One easily manipulated variable for developing an athlete’s requisite physical qualities is time. Not only does it correspond well with energy system development, but it is highly practical to implement in any coach’s program. The concept is simple: keep time constant, or vary it, such that athletes either perform more work in that time frame, or more work. To give two examples, I’ll describe what Coach Cal Dietz calls here at Minnesota, “Biometric” training.
Depending on the time of the year and the athlete, we’ll use time as our determinant of when a set is completed. For example, Coach Dietz might have our men’s hockey team take a prescribed weight, based on an athlete’s maximum, and give them a certain amount of reps. So, hypothetically, let’s say that we take 60-70% of an athlete’s 1RM bench press, and have them do 6 reps. This, obviously, is very light for only 6 reps. The parameters you choose to use vary based on the desired qualities you’re looking to develop. The aforementioned might be peaking, and thus speed-strength is prioritized. After the athlete unracks the barbell, a competent coach will begin a stopwatch precisely when the first downward movement begins. The coach then stops the watch exactly after the last rep is locked out. Record the time on the athlete’s sheet.
It’s important before you begin this method to know what you’ll use as your drop off or cut off point. Coach Dietz tends to use 2-5% drop offs, a number which is the result of years of trial and error (Coach Dietz uses 2-3% drop offs when using a Tendo, whereas hand timed biometric training is around 4-5%). When using the drop offs on a Tendo it’s rather simple. When using a stopwatch, it’s slightly more complex. What Coach Dietz will do, and what you can try, is print out a sheet listing various times on the left hand column. To the right of them is the corresponding drop off that would indicate at what time the set needs to be stopped. If, for example, our athlete’s best bench was 135 for 6 reps in 7 seconds, he would continue to perform sets until his time increased to around 7.35, at which point his set is over.
In between work sets, athletes perform various assistance exercises that are usually geared towards problematic areas: hips, ankles, shoulders, and necks in our case (hockey, though these areas really apply to most team sports). A few things to keep in mind: the drop off is based on the athlete’s best set. It’s not uncommon to see an athlete get better times 3-4 sets in. Also, to be consistent, have the same coach time the same athletes. Lastly, as I mentioned above, after the athlete performs a work set in whatever time frame, have them go perform some non-intensive assistance exercises. They may go do so light shoulder prehab, groin stuff, whatever. The key is not to detract from the main movement, but rather keep them moving until they return for the next set (about 3-5 minutes later). The best main movements are going to be, as always, the big lifts: back squats, hex bar deadlifts (the hex bar is easier to move faster than the straight bar), and bench presses.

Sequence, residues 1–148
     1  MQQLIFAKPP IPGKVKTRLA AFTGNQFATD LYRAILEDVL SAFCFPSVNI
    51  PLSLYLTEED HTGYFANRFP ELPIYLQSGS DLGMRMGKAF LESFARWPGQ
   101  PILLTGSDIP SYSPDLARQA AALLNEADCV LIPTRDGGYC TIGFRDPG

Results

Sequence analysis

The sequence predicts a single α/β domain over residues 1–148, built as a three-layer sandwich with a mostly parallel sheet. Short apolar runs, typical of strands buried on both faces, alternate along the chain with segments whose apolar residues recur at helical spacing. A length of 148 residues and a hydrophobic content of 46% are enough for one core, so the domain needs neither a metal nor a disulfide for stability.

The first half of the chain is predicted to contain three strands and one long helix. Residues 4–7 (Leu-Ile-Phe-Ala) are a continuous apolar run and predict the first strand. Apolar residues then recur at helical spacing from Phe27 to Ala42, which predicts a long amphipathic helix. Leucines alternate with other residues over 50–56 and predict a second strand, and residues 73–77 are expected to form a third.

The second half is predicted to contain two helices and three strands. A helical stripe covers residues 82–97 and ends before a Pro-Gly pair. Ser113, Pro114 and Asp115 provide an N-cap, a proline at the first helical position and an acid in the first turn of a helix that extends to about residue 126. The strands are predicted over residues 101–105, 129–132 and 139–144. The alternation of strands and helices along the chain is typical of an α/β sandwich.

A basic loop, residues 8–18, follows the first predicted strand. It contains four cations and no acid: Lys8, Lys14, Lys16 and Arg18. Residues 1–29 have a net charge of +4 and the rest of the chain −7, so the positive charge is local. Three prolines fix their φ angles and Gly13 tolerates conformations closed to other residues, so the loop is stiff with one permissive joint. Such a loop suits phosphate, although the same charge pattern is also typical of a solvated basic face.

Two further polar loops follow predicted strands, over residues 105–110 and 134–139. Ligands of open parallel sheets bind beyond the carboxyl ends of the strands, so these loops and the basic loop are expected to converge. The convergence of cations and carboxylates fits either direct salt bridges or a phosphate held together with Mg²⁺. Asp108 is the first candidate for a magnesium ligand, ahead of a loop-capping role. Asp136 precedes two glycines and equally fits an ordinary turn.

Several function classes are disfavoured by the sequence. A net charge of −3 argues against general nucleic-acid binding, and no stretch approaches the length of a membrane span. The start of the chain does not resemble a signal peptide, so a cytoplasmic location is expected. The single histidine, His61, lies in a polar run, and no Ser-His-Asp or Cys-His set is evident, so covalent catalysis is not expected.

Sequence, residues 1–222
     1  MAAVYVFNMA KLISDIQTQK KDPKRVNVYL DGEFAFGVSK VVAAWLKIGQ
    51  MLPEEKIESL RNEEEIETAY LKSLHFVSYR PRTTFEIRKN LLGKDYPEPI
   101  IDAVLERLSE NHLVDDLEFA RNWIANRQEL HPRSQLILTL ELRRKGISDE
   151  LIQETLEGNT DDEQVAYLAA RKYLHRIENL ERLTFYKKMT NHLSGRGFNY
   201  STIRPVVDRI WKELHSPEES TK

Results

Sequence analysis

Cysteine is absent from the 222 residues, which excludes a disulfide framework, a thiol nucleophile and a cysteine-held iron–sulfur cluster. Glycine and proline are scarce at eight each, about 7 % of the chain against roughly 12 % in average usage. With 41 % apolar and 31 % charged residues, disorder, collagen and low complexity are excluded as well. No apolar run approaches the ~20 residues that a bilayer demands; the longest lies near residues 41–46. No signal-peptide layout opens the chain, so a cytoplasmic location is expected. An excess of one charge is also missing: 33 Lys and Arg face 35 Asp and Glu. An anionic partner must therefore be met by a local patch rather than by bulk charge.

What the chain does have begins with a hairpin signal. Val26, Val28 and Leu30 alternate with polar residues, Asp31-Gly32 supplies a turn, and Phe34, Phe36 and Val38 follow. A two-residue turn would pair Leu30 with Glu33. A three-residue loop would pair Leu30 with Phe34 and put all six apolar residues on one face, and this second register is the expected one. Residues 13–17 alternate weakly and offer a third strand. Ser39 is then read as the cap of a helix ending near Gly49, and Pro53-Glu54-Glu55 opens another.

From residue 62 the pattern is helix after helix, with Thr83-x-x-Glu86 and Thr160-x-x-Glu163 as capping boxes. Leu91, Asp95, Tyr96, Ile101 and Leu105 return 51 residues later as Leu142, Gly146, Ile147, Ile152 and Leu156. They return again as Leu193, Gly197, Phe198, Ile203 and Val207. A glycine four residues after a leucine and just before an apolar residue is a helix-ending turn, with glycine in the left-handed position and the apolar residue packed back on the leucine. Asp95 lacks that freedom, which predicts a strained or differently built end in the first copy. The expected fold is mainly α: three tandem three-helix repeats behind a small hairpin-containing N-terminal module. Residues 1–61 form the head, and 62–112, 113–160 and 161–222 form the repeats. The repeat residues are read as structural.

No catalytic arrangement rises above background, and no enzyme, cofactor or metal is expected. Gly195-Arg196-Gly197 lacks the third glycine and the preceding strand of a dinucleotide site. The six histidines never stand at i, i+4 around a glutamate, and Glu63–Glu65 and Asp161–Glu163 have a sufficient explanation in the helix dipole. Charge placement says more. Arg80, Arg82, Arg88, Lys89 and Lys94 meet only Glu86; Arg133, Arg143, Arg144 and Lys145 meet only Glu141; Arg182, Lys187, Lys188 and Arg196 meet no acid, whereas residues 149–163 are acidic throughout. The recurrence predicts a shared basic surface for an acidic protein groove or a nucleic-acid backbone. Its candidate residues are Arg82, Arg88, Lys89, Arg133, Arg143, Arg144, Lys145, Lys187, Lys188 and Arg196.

This first method was influenced by the Bulgarian weightlifters. It was not uncommon, for example, to work up to a heavy set of squats, drop the weight by 10-15lbs., and perform singles until no longer possible. The concept really can be applied to any variable; stop watches just happen to be convenient for coaches who don’t possess Tendo units, speed timers, or force plates. Essentially all that is happening is the athlete is trying to repeat his/her ability to perform high quality work. Some days an athlete will perform better than others. Biometric training is just a way to let the body decide what it can do that day.
The other method used by many coaches is density training: fix time as a variable and simply attempt to perform more work in that time. Depending on your goals, this may vary. A heavily aerobic/alactic athlete (i.e. football player) might benefit more from short time frames of 6-8 seconds. The parameters can be manipulated to fit the bioenergetics needs of the athlete. A hockey player may perform a bench press while a coach times the set. The coach should record the reps and note the best performance. The main movement is finished once an athlete can longer match his/her best performance, or comes within 1-2 reps of it. Our athlete might bench presses 135 for 6 reps in the established 8 second limit. That athlete would keep doing sets until their reps drop below 4 in 8 seconds. As with the other method, the athletes perform lighter, non-intensive exercises in between each set of the main movement.
Now, these examples were biased towards hockey, but they can be extrapolated to other sports. Just like everything else, this isn’t the end all be all of training. This is simply one way in which a coach can use the athlete’s readiness to gauge how much he or she will do that day. There are limitations to this, mainly how hard an athlete pushes themselves. It’s not uncommon, however, to see athletes pushing each other to get better times or more reps. This method creates an environment of competitiveness with immediate feedback. Bear in mind that by increasing speed, athletes are liable to adjust their technique accordingly. If you start seeing obvious changes in technique (I.e. cutting depth short in a squat, not locking out the arms in a bench press, etc…) or something dangerous(low back rounding in a back squat), end the set. Give them one more chance to get their technique back to an acceptable range. Ultimately, decide if this will work for your team/athletes, and then understand what types of adaptations you want to take place. Don’t just throw it in a program because it seems easy to implement and might be fun. It can be a useful method, but only insofar as the coach running it doesn’t have his head in the sand.
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